Group says sales tax holiday bad policy | Arkansas Blog

Group says sales tax holiday bad policy

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The Tax Foundation has issued its annual reminder that sales tax "holidays," such as Arkansas's coming "holiday" Aug. 5-6 for school clothing and supplies, are nothing more than unproductive gimmicks.

I don't agree with all the Foundation's work, but here, yes.

Sixteen states, down from 19, still offer such gimmicks. Arkansas, was relatively late to the game.

Sales tax holidays create additional tax compliance costs, but larger businesses tend to lobby for the holidays as a form of free advertising.

Most sales tax holidays involve politicians picking products and industries to favor with exemptions, arbitrarily discriminating among products and across time, and distorting consumer decisions.

While sales taxes are somewhat regressive, this does not make sales tax holidays an effective tool for providing relief to low-income individuals. In order to give a small amount of tax savings to those with lower incomes, holidays give a large amount of savings to higher-income groups as well.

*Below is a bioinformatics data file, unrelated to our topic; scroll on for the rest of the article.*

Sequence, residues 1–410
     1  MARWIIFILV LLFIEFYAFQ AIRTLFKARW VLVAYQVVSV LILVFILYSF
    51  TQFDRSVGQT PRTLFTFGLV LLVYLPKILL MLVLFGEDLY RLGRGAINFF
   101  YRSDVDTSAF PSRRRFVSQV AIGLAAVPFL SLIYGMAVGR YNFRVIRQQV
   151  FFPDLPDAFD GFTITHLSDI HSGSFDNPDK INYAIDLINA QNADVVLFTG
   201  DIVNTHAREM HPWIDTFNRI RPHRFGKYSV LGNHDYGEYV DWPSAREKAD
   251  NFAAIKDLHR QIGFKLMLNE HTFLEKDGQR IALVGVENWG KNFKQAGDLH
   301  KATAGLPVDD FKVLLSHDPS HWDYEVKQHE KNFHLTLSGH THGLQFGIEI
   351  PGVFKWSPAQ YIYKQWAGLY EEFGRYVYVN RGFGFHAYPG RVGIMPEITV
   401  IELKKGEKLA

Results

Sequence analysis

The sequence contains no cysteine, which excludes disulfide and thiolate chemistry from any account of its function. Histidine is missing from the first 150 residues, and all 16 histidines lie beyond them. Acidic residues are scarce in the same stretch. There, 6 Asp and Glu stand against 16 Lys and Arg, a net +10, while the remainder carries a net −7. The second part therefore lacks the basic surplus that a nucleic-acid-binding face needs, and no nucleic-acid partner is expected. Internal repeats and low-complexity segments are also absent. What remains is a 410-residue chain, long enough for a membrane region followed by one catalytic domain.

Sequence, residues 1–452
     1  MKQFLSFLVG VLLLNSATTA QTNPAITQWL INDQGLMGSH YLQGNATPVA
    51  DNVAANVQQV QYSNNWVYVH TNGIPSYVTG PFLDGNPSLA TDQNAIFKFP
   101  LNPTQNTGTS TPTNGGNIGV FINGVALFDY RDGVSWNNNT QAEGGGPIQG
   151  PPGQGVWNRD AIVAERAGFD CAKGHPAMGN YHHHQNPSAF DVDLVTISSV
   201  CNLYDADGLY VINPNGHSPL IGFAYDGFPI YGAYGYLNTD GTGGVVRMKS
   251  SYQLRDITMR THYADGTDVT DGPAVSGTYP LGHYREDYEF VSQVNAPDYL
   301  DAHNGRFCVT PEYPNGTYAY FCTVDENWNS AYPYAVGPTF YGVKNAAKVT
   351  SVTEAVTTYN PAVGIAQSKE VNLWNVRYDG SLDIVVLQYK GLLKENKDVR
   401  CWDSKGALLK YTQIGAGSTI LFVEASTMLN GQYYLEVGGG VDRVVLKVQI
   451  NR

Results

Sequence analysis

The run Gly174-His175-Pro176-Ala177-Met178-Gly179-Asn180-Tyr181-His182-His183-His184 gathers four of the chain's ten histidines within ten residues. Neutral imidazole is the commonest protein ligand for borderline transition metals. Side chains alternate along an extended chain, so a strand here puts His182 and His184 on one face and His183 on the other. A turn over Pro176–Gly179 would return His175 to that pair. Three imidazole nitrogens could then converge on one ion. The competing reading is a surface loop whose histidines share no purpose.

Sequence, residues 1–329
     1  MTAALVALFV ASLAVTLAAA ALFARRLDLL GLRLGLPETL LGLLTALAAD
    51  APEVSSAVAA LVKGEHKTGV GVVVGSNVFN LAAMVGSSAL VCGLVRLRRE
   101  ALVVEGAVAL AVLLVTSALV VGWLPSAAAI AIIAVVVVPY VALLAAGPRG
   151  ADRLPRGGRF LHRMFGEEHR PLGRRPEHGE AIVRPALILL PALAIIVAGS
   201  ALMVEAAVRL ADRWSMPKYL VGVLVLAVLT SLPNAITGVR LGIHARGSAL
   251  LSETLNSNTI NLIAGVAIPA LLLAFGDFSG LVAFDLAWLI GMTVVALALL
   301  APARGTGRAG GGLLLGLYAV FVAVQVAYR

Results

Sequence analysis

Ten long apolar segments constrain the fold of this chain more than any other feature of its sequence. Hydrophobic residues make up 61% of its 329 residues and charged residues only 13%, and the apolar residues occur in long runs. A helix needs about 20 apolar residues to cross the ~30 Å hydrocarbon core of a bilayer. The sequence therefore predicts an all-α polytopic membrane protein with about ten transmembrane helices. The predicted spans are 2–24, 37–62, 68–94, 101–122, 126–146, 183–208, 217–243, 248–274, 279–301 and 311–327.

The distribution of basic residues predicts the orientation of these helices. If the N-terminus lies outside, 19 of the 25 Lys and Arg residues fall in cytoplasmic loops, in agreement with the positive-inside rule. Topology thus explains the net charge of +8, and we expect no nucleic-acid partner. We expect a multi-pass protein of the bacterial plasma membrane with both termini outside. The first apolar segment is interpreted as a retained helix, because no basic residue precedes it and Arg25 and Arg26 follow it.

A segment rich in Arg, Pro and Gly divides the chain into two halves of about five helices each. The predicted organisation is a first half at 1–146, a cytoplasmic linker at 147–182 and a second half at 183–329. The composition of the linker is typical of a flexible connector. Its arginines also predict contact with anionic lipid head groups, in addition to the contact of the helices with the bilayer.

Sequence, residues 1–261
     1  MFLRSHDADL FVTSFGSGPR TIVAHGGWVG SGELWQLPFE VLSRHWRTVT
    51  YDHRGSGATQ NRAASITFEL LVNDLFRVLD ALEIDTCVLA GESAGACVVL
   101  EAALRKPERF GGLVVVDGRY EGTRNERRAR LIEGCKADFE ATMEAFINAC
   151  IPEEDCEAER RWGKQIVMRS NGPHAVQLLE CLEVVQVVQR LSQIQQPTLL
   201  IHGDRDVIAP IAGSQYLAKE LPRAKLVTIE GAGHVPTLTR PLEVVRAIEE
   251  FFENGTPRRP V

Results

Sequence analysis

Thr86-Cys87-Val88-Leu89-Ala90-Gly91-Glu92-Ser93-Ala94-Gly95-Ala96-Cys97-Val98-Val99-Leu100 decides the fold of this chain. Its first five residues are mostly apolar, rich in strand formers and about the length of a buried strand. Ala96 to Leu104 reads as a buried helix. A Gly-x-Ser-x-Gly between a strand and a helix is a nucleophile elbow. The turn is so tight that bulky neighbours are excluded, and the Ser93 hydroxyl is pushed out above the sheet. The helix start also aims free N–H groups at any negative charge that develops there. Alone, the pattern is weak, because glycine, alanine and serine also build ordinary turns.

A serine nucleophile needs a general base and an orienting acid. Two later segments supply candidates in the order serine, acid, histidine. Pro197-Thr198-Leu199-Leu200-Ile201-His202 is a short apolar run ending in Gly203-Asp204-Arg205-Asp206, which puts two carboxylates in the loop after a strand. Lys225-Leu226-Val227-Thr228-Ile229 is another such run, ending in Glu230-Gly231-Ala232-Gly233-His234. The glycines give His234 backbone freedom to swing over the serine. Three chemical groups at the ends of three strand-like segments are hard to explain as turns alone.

Political gimmicks like sales tax holidays distract policymakers and taxpayers from genuine, permanent tax relief. If a state must offer a “holiday” from its tax system, it is an implicit recognition that the state’s tax system is uncompetitive. If policymakers want to save money for consumers, then they should cut the sales tax rate year-round.
And never mind all the vagaries of retailing, such as when is a sale really a sale and whether a local purchase, even with the sales tax exemption, is actually cheaper than an alternative source.

The Tax Foundation is driving for bigger game — lower income tax rates for its wealthy patrons. But that doesn't mean they're wrong about this gimmick.


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